“I won't rule anything out”

Next week, the Ministry of Finance will discuss its proposal for the state budget for 2023. In early August, the government's most important ministers will return from their summer vacations. The government will make the final decisions during the budget rush at the beginning of September.

The background of the rise in prices, i.e. inflation, is most strongly influenced by Russia's war of aggression in Ukraine, and the consequent reduction in energy trade from Russia.

According to Lindtman, SDP will bring at least the mentioned three methods to the negotiating table. During the summer, the parties have also hinted at the reduction of food value added tax and fuel tax.

– I say that at this stage I am not ruling anything out, Lindtman comments.

Lindtman says that at the beginning of August, it will be good to hear from the Ministry of Finance an opinion on what kind of leeway is being sought for the package corresponding to the effects of inflation.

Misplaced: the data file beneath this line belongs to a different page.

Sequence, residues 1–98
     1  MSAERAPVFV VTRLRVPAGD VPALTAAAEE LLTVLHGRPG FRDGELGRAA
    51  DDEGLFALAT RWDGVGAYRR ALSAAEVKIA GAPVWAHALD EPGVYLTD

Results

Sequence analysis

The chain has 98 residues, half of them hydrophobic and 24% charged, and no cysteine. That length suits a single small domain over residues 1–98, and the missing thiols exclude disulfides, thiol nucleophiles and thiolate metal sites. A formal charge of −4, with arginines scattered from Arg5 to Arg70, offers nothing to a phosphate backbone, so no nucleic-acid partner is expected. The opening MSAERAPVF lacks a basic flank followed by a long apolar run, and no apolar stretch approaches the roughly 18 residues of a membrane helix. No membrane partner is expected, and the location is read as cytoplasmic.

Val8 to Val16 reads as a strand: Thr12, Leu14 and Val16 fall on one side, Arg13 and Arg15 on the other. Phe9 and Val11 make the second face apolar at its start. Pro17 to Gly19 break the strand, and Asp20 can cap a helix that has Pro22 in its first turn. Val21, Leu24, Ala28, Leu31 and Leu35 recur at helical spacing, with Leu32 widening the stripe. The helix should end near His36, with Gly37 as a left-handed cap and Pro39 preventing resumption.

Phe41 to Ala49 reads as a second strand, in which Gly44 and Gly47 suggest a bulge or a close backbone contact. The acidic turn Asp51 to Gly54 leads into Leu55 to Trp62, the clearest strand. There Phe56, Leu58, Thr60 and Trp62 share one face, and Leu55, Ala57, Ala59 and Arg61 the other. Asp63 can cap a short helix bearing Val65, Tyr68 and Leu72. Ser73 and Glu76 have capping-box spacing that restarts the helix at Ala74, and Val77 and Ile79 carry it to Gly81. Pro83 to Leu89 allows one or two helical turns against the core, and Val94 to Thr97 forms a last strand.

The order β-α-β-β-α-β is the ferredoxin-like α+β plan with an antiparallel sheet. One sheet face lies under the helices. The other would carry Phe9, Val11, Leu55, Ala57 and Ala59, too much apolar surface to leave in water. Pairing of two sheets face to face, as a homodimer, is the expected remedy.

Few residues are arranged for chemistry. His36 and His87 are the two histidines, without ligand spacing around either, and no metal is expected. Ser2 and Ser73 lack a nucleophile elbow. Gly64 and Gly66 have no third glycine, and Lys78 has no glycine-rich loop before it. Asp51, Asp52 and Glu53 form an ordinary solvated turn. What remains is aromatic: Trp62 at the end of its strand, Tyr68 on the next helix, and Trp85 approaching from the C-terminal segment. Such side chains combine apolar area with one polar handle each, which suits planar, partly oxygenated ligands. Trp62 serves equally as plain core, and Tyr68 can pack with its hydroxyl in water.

– I would like to put all means on the table and see which are the most effective. From this point of view, I believe that these [SDP's] actions will be successful.

Iltalehti met Antti Lindtman at his home in Tikkurilantori, Vantaa. Heidi Heikkilä

Justifications for the means

In Lindtman's opinion, the measures proposed by the SDP, aimed at certain population groups, are overall more effective alternatives than, for example, general tax reductions on gasoline and food.

First of all, the measures should be aimed at those who suffer the most from the rise in prices, says Lindtman. SDP wants to target measures on low and medium incomes, pensioners, long commutes and families with children.

Second, in SDP's actions, the financial relief would go directly to the people, in contrast to lowering food value added tax or gasoline tax, in which case a grocery store or gas station can decide whether the tax reduction will be passed on to prices.

Thirdly, Lindtman justifies the actions by promoting employment. Lowering daycare fees and compensating commuting expenses encourage people to take up work.

– Daycare fees in the toddler phase, especially for mothers, significantly weaken the incentives to go to work, Lindtman says.